A new report shows some U.S. cities have been especially hard-hit by organized retail crime.
The National Retail Federation (NRF) — the world’s largest retail trade association, according to its website — recently released its 2023 Retail Security Survey. The report contains insights from 177 retail brands, which accounted for $1.6 trillion of annual retail sales in 2022 and represent more than 97,000 retail locations across the U.S.
Overall, retailers that participated in the survey reported that inventory loss — called shrink — clocked in at an average rate of 1.6 % last year, representing $112.1 billion in losses. That’s up from 1.4% the previous year. The greatest portion of shrink — 65% — came from external theft, including products taken during organized shoplifting incidents.
For the purposes of the 2023 survey, NRF said organized retail crime is defined as theft/fraud activity conducted with the intent to convert illegally obtained merchandise, cash, cargo or cash equivalent for financial gain.
Based on the reported inventory losses, the NRF found that the cities most impacted by retail theft last year were:
- Los Angeles, California
- Oakland/San Francisco, California
- Houston, Texas
- New York City, New York
- Seattle, Washington
- Atlanta, Georgia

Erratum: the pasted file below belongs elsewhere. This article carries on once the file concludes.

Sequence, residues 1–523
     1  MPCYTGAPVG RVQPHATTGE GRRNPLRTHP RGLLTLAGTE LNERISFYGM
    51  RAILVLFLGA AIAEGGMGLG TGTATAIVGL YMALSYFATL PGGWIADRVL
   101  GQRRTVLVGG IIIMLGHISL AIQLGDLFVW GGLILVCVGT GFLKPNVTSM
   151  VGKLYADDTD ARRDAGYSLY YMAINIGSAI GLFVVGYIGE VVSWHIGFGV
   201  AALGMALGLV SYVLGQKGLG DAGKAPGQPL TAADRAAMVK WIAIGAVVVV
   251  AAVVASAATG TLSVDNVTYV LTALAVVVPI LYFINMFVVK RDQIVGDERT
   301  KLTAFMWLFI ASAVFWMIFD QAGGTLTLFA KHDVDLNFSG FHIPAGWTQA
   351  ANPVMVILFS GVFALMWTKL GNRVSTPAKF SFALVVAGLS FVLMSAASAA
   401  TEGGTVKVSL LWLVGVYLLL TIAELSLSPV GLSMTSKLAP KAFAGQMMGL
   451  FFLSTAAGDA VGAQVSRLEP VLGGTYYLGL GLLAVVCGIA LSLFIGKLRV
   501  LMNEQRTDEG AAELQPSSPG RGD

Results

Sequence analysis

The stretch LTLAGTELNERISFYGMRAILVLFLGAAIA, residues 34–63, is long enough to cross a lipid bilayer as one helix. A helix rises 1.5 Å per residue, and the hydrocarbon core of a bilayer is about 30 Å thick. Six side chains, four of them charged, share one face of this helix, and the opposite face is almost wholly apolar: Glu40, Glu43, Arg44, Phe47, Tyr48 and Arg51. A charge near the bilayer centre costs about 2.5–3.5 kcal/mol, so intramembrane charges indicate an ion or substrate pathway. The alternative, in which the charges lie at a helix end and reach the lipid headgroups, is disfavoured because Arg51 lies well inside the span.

- Sacramento, California and Chicago, Illinois (tied)
- Denver, Colorado; Miami, Florida; and Albuquerque, New Mexico
This is the fifth consecutive year that Los Angeles has topped out the list after overtaking New York City in 2018.
“Retail crime, violence, and theft continue to impact the retail industry at unprecedented levels. The effects of these criminal acts are not isolated to large national brands or large metropolitan cities,” NRF said on its website. “Daily media reports show that no business is immune, and these issues touch retailers of all segments, sizes and locations across the United States.”
The NRF said it “passionately advocates for the people, brands, policies and ideas that help retail thrive,” and hopes the theft study will provide comprehensive research, development opportunities, and collaborative spaces for members that will enable the innovation of loss and crime control solutions.
Late last year, Congress passed a bill, called the INFORM ACT, that seeks to combat sales of counterfeit goods and dangerous products by compelling online marketplaces to verify different types of information – including bank account, tax ID and contact details – for sellers who make at least 200 unique sales and earn a minimum of $5,000 in a given year.
The Associated Press contributed to this report.